New Bikes

Top 10 bikes we can’t wait to ride in 2019

With the show season mostly behind us, we now have a pretty good idea of what the next 12 months have in store. Here are the bikes we’re itching to swing a leg over in 2019

WITH JUST THE LONDON SHOW still to take place, we have a pretty good idea of the bikes we are set to encounter in 2019. While it’s not a bumper selection to choose from in terms of size, almost all the big manufacturers are represented and the depth and breadth of styles of machines is huge.

It’s worth mentioning that this list is all about the bikes that we know are going to be launched this year, it doesn’t include things like Triumph’s soon-to-be-seen Rocket or Thruxton R TFC we reported before Christmas, or the Arc Vector which we hope will be roadworthy this year.

So, without further ado, here’s the top 10…

10. KTM 790 Adventure R

KTM’s first major foray into the mid-sized adventure bike market comes in the neatly formed package of the 790 Adventure and Adventure R. As the name suggests it’s closely related to the hooligan of the mid-range bike sector the 790 Duke albeit with longer travel suspension, tweaked ergos and a neat, 20l, tear-drop fuel tank that envelops both sides of the bike and should give 220+ miles of range.

Given KTM’s wealth of off-road know-how and the added bonus of inhouse suspension manufacturer WP, it’s safe to say the 790 Adventure is sure to be a hit in the showrooms, up mountain passes and on the trails. We expect the press launch to be around February/March, we’ll be there to bring you all the details from the event.

9. Harley-Davidson Livewire

Okay, so our main reason for wanting a go on this is the fact it’s an electric Harley, and that’s about as normal as salad with your Sunday roast. Harley make no secret of the fact that the Livewire is a huge step for a company that’s rooted deep in the heart of American motorcycling, big capacity v-twins and eagle emblems on leather waistcoats.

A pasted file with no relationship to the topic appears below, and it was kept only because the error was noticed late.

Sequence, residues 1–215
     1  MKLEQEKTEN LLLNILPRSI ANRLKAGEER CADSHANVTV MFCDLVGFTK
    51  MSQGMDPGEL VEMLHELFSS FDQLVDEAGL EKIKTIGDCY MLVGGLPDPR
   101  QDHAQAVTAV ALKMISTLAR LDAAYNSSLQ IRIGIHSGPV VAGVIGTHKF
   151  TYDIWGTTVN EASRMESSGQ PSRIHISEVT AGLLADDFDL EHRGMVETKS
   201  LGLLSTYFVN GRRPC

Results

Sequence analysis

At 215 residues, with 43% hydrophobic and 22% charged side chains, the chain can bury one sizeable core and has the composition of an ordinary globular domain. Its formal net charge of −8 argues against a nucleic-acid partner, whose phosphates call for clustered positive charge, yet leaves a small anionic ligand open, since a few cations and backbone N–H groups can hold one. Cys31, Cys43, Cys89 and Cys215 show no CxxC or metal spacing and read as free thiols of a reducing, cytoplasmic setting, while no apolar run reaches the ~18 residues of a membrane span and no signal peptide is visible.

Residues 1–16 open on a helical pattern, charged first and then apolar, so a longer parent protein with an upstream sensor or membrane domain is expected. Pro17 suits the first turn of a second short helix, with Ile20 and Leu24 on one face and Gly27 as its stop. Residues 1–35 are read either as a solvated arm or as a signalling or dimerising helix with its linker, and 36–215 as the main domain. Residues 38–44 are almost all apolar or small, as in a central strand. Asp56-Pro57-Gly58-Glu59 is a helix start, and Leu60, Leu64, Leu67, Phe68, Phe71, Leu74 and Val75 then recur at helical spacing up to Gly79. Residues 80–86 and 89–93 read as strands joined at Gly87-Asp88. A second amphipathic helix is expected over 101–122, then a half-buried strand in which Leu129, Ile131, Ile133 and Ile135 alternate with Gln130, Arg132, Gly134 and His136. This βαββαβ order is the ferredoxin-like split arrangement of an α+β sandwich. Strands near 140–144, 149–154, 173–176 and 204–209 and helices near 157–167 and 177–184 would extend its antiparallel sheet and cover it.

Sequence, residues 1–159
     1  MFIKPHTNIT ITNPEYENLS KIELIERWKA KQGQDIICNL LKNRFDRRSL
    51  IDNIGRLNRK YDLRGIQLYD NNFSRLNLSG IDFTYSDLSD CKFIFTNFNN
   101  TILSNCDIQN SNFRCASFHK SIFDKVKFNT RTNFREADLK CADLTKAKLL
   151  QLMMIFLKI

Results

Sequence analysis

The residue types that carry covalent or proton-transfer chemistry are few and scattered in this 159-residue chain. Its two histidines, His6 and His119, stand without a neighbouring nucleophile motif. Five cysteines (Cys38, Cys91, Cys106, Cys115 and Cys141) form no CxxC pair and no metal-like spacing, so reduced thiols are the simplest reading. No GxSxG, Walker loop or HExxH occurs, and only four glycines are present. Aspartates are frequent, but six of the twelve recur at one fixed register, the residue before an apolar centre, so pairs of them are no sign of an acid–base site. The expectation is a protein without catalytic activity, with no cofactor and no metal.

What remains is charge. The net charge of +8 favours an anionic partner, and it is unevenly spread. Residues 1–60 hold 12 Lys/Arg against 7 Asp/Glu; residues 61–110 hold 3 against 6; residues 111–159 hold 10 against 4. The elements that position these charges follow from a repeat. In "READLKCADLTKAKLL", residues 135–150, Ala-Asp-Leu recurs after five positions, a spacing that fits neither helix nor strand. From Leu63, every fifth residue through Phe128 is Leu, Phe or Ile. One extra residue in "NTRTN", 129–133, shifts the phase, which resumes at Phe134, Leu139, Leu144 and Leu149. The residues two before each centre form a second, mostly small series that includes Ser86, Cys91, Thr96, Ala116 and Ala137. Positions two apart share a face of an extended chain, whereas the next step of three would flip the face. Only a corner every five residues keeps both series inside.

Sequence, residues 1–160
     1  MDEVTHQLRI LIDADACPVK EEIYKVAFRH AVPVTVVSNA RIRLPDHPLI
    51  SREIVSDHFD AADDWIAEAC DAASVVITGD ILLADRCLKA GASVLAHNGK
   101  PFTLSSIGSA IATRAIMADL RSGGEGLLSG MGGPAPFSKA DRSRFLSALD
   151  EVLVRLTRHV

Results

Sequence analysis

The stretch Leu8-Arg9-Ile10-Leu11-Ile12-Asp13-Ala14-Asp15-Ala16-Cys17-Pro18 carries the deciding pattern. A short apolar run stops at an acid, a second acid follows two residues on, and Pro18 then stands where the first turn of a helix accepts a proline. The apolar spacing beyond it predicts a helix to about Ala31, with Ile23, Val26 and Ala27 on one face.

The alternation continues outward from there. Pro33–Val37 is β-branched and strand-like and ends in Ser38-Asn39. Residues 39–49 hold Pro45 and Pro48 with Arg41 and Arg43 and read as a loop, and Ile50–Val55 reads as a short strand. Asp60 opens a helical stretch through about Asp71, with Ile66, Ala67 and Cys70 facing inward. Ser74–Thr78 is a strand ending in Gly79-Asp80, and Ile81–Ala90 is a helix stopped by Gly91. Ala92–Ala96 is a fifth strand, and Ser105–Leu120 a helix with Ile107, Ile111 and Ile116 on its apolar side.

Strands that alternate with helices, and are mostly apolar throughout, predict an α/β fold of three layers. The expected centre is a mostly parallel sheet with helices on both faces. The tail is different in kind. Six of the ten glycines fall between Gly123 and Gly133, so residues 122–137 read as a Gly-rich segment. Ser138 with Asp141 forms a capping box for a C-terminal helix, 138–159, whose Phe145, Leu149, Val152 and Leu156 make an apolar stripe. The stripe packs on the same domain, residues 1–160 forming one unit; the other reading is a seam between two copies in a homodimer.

But that’s partly why they’ve done it, the ‘Live to ride’ generation of bandana wearing bikers is getting smaller and smaller and with no new blood buying up the heavy and fairly slow cruisers from Milwaukee, the firm is shifting its focus and highlighting a younger, less leathery audience!

The bike is claimed to put out 75bhp and 52lbft (71Nm) of torque, it’ll weigh north of 200kg and is likely to cost between £30 and £35k. No press launch details as yet although it’s likely to be before the summer.

8. Honda CB650R

Honda’s ‘Neo Sports Café’ styling (no, we don’t know what that means either) stole our attention last year in the form of the CB125R, CB300R and CB1000R. And it only seemed fair that the bridge between the A2 bikes and the full-blown thousands got a slice of futuristic cool too. Well now it does in the form of a funky and fun looking naked that borrows the old CB650R’s capable rolling stock and torquey motor.

The 2019 reboot is more than a styling exercise too, with Showa SFF (Separate Function Forks) improving the handling, radially mounted Nissin callipers and updated intake and exhaust ports helping to boost peak power too.